Brain mast cells and therapeutic potential of vasoactive intestinal peptide in a Parkinson's disease model in rats: Brain microdialysis, behavior, and microscopy


Tuncel N., Sener E., CERİT C., Karasu U., Gurer F., ŞAHİNTÜRK V. , ...More

PEPTIDES, vol.26, no.5, pp.827-836, 2005 (Journal Indexed in SCI) identifier identifier identifier

  • Publication Type: Article / Article
  • Volume: 26 Issue: 5
  • Publication Date: 2005
  • Doi Number: 10.1016/j.peptides.2004.12.019
  • Title of Journal : PEPTIDES
  • Page Numbers: pp.827-836
  • Keywords: 6-OHDA toxicity, corpus striatum, dopamine, rotational behavior, NERVE GROWTH-FACTOR, DOPAMINERGIC-NEURONS, LIPID-PEROXIDATION, MOUSE-BRAIN, ULTRASTRUCTURAL EVIDENCE, ISCHEMIA-REPERFUSION, OXIDATIVE STRESS, RODENT MODEL, DURA-MATER, IN-VIVO

Abstract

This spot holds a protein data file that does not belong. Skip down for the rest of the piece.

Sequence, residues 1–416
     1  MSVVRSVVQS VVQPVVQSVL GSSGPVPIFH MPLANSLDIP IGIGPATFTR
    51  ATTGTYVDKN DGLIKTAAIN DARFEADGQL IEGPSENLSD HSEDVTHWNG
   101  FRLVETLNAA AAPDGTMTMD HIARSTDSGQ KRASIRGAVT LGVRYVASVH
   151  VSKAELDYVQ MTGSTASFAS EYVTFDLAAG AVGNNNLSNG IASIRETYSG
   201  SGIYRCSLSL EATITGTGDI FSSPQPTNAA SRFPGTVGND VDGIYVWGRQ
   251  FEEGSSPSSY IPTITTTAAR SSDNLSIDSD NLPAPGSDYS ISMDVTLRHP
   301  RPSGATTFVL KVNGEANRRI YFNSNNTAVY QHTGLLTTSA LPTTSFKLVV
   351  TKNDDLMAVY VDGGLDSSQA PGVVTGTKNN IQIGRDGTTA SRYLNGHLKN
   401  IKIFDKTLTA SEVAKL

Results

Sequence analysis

In the present study, the effect of systemically administered vasoactive intestinal peptide (VIP) (25 ng/kg i.p.) was investigated on drug-induced rotational behavior, extra-cellular dopamine levels and histology of corpus striatum in a 6-hydroxydopamine (6-OHDA)-induced rat model of Parkinson's disease. After 15 days of 6-OHDA lesion, apomorphine-induced (0.05 mg/kg s.c.) rotational behavior of the animals significantly increased and extra-cellular dopamine levels of corpus striatum were significantly reduced. VIP reversed the rotational deficits but did not alter the decrease in striatal dopamine levels. On the other hand, histological data indicate that VIP significantly reduced neuronal death and demyelination. Electron microscopic appearance of mast cells showed ultra-structural variety between VIP-treated and 6-OHDA lesioned groups. VIP activates mast cells without any evidence of typical exocytosis, and possibly mast cells could participate in neuroprotection. Our results suggest that systemically administered VIP can attenuate the motor response changes, neuronal cell death, and myelin sheet loss characteristically associated with 12 mu g 6-OHDA administration into the rat striatum. Brain mast cells seem to participate in neuronal protection. Possibly, protective cues could be produced by brain mast cells. (c) 2005 Elsevier Inc. All rights reserved.